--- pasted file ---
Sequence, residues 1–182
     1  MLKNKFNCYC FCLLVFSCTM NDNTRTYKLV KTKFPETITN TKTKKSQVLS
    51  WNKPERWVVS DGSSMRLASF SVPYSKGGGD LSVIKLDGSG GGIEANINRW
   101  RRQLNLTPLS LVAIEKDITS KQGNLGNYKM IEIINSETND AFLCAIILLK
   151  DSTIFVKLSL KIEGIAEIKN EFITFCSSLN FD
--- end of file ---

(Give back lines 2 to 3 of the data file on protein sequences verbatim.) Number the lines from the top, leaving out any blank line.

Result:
     1  MLKNKFNCYC FCLLVFSCTM NDNTRTYKLV KTKFPETITN TKTKKSQVLS
    51  WNKPERWVVS DGSSMRLASF SVPYSKGGGD LSVIKLDGSG GGIEANINRW